Specialists in ethically and sustainability sourced coconut products, Three by One ensure only organic coconut items are on your kitchen table. Each item is sourced from small scale farms in Sri Lanka. This unique coconut bowl and spoon set is made from leftover coconut shells destined to be burned as waste. Each one is cleaned, sanded and polished (using coconut oil) by hand. You can also buy them in sets of four.
Spice tins (or masala dabhas) are a store cupboard staple for all Indian households. The beauty of having one is that all your frequently used spices are all in one place, ready to go. I don’t know what I’d do without mine. This jam-packed tin will ensure your fellow spice lover is never short of masalas to sprinkle into Indian breakfasts, lunches and dinners. You can even choose to have it wrapped in pretty sari-style fabric for an elegant gift.
Okay, so admittedly this isn’t the most beautiful gift but it’s an absolute must-have if your passion is Indian breads like chapattis and parathas. You can also use them for cooking dosas and dry curries. When heated over a gas flame, the carbon steel plate imparts the most wonderful, smokey char to food. I use one almost every day when I make Homemade Chapattis – Gujarati Rotli.
In the words of Nina Wadia in the 90s TV wonder that was Goodness Gracious Me, “All I need is a smaaall aubergine.” This deep purple beauty will forever remind me of that comedy sketch. If you know an aubergine fanatic or lover of Baingan Bhartha, this Portuguese-made ceramic aubergine dish is the gift for them.
This clever little pan is great for making all kinds of things, both Indian and beyond. Traditionally it’s used to cook South Indian Paniyaram, a rice flour breakfast dish often made with leftover fermented dosa batter but you can use it for so much more. Prepare Vitumbua – Tanzanian Breakfast Doughnuts or Æbleskiver (Danish Pancake Puffs) in this too.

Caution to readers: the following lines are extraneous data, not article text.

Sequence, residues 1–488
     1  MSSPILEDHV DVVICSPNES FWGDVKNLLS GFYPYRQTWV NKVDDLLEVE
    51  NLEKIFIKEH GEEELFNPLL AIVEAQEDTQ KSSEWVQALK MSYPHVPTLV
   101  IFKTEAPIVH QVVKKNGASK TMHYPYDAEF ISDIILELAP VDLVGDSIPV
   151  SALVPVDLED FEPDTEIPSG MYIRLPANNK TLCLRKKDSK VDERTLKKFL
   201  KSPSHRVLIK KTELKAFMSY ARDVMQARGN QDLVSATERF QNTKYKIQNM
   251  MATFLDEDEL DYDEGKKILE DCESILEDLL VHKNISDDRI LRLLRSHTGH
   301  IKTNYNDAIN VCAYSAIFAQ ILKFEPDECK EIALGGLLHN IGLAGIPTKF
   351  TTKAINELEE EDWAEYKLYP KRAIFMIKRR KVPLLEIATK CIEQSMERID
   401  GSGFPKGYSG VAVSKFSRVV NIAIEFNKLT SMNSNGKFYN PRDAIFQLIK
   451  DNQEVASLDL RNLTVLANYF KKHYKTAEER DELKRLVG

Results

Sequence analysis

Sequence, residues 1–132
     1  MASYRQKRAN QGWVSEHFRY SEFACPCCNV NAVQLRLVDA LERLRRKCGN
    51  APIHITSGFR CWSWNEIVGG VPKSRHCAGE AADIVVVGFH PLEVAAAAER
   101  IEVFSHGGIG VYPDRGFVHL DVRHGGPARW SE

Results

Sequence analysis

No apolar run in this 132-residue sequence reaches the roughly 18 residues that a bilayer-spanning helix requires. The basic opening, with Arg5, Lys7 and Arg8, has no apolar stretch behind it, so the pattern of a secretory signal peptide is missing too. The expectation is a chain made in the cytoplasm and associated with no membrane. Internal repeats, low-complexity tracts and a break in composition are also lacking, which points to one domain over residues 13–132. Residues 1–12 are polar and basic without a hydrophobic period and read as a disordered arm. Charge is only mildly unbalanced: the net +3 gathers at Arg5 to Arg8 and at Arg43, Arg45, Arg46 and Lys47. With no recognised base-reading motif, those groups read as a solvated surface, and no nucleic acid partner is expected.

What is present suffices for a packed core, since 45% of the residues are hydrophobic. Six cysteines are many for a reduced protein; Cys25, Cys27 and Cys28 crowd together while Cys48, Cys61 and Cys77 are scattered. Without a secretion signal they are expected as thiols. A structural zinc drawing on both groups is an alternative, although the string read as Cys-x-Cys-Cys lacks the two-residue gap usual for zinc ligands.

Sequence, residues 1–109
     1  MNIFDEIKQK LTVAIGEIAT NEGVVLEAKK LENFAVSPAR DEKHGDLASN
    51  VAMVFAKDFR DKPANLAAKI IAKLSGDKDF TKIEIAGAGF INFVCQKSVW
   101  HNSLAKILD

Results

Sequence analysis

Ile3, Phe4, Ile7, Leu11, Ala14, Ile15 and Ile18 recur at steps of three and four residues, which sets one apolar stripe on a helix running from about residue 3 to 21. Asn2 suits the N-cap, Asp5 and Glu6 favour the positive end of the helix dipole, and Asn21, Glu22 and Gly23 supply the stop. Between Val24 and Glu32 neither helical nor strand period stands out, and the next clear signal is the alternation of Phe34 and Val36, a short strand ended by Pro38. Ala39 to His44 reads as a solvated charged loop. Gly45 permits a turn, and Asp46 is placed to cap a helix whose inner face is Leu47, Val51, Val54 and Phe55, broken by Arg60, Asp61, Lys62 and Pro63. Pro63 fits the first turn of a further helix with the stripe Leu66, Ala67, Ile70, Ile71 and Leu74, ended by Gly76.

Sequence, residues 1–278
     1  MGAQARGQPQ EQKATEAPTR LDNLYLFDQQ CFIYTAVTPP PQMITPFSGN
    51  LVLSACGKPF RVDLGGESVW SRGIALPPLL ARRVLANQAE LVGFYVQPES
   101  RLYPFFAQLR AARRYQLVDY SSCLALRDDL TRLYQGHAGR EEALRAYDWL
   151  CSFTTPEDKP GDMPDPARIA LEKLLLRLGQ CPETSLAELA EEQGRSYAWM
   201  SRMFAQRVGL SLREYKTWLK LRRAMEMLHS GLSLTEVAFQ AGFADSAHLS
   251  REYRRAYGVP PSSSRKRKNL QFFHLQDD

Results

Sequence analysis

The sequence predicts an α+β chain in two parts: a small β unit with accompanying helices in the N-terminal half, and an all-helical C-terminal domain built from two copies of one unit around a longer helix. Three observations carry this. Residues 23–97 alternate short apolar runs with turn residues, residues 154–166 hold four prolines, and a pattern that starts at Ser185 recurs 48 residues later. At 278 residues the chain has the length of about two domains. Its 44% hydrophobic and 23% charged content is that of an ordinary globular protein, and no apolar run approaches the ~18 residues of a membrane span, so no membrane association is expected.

Keep little ones snug this festive season with this adorable hoodie. It has a super-soft feel and colourful illustration featuring a bottle of milk (“doodh” is the Hindi word for “milk”). Quite frankly that little pint of doodh looks cooler than Bollywood royalty, Amitabh Bachan in the 1978 version of Don.
Many of you are familiar with my love of samosas. Fill them, fry them and serve them with a chilli-laced chutney and I’ll be like putty in your hands. Know someone who feels the same way about these pastry-wrapped pyramids of happiness? Buy them these socks.
Give the gift of learning this Christmas with vouchers for an Indian cookery masterclass at The Spice Club. Based in Manchester and Birmingham, these cookery school classes are run by the ultra-talented Monica and her mum, Anita. Each dish is designed with passion and cooked with love. Think it’s time to learn how to cook regional Indian dishes from the masters? Grab your vouchers now.
Indulge in inventive vegan Indian food at London’s Indian Accent restaurant. With dishes like Jerusalem Artichoke Tikki Chaat and Spice Pear Tatin, Chef Manish Mehrotra reinterprets nostalgic Indian dishes with an openness towards global techniques and influences.